[1] John 14: 31a

[2] SSJE, Rule of Life, The Spirit of Obedience, chapter 12, page 25

[3] Ibid, page 25

[4] Philippians 2: 8

[5] Matthew 3: 17

[6] 1 Corinthians 13: 4 – 8

[7] Augustine of Hippo; Sermon 110 on 1 John 4: 4 – 12, paragraph 8

[8] Ibid, paragraph 8

[9] Ibid, paragraph 6

[10] Micah 6:8

[11] Luke 7: 22

[12] Isaiah 35: 5 – 6

[13] John 14: 31a

[14] 1 John 4: 8

[15] Augustine, Sermon 110, paragraph 10

[16] Luke 4: 18 – 19

[17]BCP 1979, page 101

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8 Comments

  1. Randy LaRosa on May 18, 2021 at 10:39

    Thank you for this as well as your prayers .

  2. chris rushlau on January 19, 2021 at 01:13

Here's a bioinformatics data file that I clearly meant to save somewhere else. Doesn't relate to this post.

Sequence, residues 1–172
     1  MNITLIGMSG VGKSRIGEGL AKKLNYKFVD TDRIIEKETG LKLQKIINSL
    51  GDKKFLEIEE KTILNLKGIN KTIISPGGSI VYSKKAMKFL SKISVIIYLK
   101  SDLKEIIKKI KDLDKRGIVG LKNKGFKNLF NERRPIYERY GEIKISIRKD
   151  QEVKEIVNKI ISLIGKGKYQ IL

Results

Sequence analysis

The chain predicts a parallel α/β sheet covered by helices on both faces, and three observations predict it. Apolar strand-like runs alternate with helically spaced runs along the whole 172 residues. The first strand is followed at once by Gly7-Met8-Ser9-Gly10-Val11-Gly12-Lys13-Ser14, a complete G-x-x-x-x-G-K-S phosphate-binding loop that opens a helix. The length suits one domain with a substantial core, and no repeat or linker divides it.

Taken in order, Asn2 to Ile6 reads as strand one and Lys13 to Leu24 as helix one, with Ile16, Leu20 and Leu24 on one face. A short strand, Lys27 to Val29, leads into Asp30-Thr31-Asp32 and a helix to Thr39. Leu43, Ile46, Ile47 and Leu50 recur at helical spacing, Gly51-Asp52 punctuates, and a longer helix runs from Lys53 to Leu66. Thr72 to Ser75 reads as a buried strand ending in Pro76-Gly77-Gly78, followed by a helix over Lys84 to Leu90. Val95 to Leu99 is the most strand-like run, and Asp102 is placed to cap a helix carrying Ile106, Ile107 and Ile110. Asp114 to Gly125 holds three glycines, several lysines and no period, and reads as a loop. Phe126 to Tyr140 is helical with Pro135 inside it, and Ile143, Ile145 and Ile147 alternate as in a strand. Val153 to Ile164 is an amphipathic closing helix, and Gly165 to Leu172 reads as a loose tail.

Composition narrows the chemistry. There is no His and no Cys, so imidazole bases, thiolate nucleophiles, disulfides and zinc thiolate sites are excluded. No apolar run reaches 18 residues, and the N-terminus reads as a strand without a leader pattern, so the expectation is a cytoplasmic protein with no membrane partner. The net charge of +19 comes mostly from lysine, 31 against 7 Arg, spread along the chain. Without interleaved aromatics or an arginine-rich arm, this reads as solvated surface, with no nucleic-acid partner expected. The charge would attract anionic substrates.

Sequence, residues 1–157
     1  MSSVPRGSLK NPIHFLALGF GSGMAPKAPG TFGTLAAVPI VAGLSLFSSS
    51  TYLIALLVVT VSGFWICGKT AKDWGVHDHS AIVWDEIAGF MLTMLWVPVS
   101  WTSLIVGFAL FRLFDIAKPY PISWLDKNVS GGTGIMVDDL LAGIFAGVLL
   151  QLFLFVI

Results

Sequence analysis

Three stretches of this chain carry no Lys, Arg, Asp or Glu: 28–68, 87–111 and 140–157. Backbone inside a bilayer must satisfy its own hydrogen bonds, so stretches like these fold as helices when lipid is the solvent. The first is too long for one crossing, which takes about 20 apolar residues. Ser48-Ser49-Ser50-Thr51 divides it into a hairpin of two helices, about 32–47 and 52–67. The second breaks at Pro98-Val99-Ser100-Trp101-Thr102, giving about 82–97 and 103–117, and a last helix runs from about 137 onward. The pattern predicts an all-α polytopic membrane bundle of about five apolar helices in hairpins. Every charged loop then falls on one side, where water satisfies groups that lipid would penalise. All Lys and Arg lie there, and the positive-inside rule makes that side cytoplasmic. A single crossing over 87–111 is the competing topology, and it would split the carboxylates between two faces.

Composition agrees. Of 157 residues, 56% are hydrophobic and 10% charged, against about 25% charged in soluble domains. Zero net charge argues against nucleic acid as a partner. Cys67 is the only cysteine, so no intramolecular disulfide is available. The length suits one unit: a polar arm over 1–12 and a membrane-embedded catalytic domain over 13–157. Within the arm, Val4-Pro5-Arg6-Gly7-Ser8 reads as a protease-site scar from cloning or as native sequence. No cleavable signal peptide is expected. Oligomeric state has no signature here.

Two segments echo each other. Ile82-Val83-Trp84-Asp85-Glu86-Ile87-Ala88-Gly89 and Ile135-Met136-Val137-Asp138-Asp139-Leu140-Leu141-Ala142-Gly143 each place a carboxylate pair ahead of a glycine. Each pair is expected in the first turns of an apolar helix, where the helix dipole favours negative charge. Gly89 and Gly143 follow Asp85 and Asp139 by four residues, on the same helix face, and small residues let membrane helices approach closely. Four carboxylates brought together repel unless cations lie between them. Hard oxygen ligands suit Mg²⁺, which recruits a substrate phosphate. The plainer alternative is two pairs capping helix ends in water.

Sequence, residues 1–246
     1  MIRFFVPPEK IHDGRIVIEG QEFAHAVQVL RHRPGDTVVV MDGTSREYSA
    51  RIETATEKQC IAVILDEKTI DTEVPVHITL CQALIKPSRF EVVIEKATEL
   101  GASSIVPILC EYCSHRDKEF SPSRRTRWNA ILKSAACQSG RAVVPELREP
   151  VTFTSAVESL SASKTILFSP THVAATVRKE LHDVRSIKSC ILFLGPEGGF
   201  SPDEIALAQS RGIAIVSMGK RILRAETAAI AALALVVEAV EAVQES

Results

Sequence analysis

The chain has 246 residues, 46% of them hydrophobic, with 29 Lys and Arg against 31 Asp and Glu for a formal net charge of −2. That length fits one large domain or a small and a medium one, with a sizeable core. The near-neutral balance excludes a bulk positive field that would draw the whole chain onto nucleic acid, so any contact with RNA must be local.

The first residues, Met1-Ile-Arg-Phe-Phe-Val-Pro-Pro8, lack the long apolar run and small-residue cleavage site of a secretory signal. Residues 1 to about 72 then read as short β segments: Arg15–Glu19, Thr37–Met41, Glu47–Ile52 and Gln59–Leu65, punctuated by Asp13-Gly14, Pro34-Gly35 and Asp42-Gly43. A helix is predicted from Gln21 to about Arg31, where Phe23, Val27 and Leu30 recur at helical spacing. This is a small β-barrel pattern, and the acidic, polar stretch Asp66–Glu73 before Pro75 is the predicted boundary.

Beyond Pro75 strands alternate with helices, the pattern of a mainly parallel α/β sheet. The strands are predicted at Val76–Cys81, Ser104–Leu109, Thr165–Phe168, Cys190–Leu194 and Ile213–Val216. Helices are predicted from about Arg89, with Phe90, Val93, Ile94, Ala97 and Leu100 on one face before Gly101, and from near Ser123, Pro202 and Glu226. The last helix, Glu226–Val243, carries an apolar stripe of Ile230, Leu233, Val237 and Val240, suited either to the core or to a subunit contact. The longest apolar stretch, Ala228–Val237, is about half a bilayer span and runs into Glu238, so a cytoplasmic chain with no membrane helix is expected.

I was just reading another take on St. Augustine’s words which had it all about “stavrology”, the Cross; it sounded quite self-flagellating in a quick read-through. Your take, on the other hand, seems to vanish into an abstract mist. Let me split the difference. I’d thought these words were from Thomas Aquinas, where he’d unexpectedly gotten to the point. Love is letting things be what they appear to be. It is not being a know-it-all. A know-it-all doesn’t need to look carefully, he already knows. If you don’t look honestly, you can’t see who needs help, and of what sort if any. But to look without filters is to “die to yourself” in the most profound spiritual way. The sun might be going out. Your eye might be falling out. Your best friend might be betraying you. A new Sister of Mercy said to me once, “I knew I’d have to die to myself, but every day?!” She said it with somewhat of a smile, and for my benefit, I see now, forty years later. But all the joy in life comes when you let it past your filters. “Behold, I make all things new.” “Well, will my old Confederate States of America coupons still be worth money?” Clock Without Hands, by Carson McCullers. My favorite word has been “spontaneous” for more than ten years, but just this week I discovered it comes from the word for “vow”. Sponde, etc. Someone who has made and is living up to a vow is an honorable person, in a perfect sense. “No honor among thieves,” but most honor is of just that sort: an honorable Viking, an honorable nazi, etc.: someone worried about “how it will look,” but only worried about certain persons’ opinion. An honorable person is worried about how it will look in anybody’s eyes. The “reasonable person” standard, I suppose I could call it. But it’s simpler than that: the next person you meet, that is the person you must reckon with. Will you edit that person out of existence? What if that person visits you in a flash of recollection? Will you edit her out of your memory? My main phrase these days is “he became a legend in his own mind,” which I heard forty years ago, in a military setting. I am vaguely aware of it when I slip into that self-absorption myself. It’s like I’ve disengaged from my body, the world, the here and now. I, again about forty years ago, had the image of a snail crawling over a razor blade, which they can apparently do. Am I aware of the passing moment? Have I used the forty years to advantage? I suppose life is like a good computer: it saves your work, for you to pick up again when you get back, or around, to it. I think I needed forty years to consider what everybody else was doing. Having found no eligible alternatives, I’m back to clutching or not. Can you follow that one? It’s a double. When you panic, you push in the clutch and stop your power, but equally when you clutch, you grab things in a strangle hold. Only in the moment can you experience your body knowing what to do: how to treat the stranger, how to be: how to love. Love is letting be. It may need changing in an instant, but right now it is as God made it for you. I suppose I could define dysfunctionalism in the given case as the things you agree with your dysfunctional support group that you will pretend you do not see. It jumps out when you see it in others. I regret being only able to state the negative case. Don’t be a know-it-all. I heard a good sermon once, from a Catholic priest, a visiting preacher, what you call that: he said, “We’re all here because we’re beggars for truth, and I’m a full-time beggar so maybe I have something you might profit from hearing.” It’s not the thing–I’ve forgotten what else he said. It’s the wake-up call that’s important. So I will define Augustine’s love as love of his body: not cursing himself when he sees something he isn’t supposed to see. I’ll expect people in his time and place had that problem as much as people do today: on the imperial periphery, the latest party line crashing around, Platonists (supposedly) telling us that our bodies are evil, the world is illusion, God is some sort of machine. I don’t know if the empire has failed or I’ve just given up trying to keep up with it. Let me close with an etymology: suffering means bearing up, literally: Middle English: from Anglo-Norman French suffrir, from Latin sufferre, from sub- ‘from below’ + ferre ‘to bear’. I think maybe the empire never existed in the first place. A few guys said it did, so they could justify murder and mayhem.